A Q in chemistry from BMAT 2006


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BMAT 2006
Compound T has a melting point of 78°C and a boiling point of 134°C. T is soluble in water and its solution does not conduct electricity.
T has covalent bonding and has a simple molecular structure.
Which property of T is not usually associated with its bonding and structure?
A The melting point
B The boiling point
C The solubility in water
D The lack of conductivity of the solution

How Should I approach this Q? from what i understand ,the term “simple molecular structure” means VDW forces, with no molecular charge. In that case, why is it associated with conducting electricity?

Hey, try reuploading the image

Hi! So the highlight of this question is that compound T is

  1. Covalently bonded and
  2. simply structured.

In case of

These two options indicate that T is covalently bond and simple, if you think about as more and more the compound gets complexly structured, it will be harder to break the bonds inbetween the molecules, therefore it gets harder to boil or melt it.

I think option D shows that T isn’t ionic compound cause ionic compounds like NaCl conducts electricity when they are in a state of aqueous solution.

Finally in this case, solubility in water can depend on many factors like hydrogen bonding, hydrophilic / hydrophobic characteristic, et cetera rather then covalent bonding or simple structure.

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thank you for answering.
From my understanding, solubility to water=hydrophilic=a polar molecule. is that a correct statement? if it is, can there be a simple molecular structure that do not conduct electricity but is soluble to water? or a simple molecular structure that conduct electricity but is not soluble in water?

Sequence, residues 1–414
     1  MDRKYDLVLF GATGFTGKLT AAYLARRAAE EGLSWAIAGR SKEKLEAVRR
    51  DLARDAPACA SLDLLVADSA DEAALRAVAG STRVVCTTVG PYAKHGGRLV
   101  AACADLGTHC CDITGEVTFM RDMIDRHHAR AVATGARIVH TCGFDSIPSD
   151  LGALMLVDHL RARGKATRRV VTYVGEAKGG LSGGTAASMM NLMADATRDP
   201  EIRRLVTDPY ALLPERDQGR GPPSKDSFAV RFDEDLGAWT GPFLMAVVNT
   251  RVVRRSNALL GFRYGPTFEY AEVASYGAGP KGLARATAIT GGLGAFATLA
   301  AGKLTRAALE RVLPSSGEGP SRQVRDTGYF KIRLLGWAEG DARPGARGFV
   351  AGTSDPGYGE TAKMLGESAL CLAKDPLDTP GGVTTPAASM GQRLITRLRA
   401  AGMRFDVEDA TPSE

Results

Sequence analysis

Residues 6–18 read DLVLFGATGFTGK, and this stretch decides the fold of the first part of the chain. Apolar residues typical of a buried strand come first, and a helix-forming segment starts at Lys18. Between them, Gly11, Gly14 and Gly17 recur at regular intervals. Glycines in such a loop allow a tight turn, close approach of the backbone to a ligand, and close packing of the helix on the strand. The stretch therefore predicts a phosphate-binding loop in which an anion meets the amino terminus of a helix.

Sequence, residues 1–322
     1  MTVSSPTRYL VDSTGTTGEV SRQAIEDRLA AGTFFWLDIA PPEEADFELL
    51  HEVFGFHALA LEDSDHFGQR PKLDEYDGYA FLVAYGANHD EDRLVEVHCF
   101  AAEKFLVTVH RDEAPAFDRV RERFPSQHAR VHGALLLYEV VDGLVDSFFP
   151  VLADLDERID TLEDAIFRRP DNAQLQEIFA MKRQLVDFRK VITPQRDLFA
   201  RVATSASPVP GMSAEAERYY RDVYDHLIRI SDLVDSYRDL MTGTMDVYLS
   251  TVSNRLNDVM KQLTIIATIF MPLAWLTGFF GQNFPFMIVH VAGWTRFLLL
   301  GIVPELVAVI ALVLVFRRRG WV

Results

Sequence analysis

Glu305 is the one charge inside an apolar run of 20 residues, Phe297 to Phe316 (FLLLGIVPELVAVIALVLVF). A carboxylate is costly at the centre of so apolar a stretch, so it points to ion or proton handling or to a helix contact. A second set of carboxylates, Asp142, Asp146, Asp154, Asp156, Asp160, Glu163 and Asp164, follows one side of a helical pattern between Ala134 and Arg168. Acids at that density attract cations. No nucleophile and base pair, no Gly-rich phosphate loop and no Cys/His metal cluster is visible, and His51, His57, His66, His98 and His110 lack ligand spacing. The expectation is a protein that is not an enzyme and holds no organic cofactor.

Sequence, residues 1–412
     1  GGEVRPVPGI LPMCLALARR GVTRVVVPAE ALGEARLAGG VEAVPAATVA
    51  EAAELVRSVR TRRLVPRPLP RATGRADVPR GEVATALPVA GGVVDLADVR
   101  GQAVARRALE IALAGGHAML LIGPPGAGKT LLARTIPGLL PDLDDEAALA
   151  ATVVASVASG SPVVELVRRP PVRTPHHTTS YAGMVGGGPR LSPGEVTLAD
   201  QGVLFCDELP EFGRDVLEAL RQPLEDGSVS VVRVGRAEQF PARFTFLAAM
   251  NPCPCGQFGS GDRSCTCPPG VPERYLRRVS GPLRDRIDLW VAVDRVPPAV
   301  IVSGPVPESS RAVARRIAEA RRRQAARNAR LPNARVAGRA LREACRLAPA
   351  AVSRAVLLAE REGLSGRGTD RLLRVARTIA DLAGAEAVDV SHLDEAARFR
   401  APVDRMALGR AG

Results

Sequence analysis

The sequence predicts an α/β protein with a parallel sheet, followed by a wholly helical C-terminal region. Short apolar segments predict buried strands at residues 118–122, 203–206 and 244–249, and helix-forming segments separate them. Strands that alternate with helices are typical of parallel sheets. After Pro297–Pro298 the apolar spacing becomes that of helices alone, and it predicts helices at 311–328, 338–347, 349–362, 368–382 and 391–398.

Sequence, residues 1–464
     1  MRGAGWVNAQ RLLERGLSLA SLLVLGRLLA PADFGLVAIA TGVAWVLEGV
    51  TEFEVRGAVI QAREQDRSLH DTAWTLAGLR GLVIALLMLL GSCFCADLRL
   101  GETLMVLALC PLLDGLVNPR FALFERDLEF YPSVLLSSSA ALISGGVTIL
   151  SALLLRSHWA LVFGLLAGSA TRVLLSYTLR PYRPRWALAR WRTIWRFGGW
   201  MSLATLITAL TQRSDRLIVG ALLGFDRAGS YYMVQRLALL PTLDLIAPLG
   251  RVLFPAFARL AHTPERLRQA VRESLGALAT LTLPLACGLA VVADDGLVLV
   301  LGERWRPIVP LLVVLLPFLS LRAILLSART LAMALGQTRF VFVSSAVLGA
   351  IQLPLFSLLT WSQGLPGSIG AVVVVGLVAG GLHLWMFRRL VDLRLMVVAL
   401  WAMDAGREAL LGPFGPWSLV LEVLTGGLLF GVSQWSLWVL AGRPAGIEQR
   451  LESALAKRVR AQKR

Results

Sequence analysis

That’s exactly what I thought when I was grading my paper the first time, and you are right about Soluble in water = polar molecule.

However, a compound could either be both polar and nonpolar, while simply structured + covalently bonded.

Example for the first case is HF (hydrogen fluoride), and the latter would be something like CCl4 (carbon tetrachloride).

Therefore, option C doesn’t really tell us anything :grinning:

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So if I understand correctly, H-F (aq) witch is not dissociated in its intramolecular bonds, but yes in its intermolecular bonds, does not conduct electricity.ON the contrary H+ (aq) & F-(aq) witch are completely dissolved do conduct electricity. Or in other words polar molecules don’t conduct electricity ions do. correct?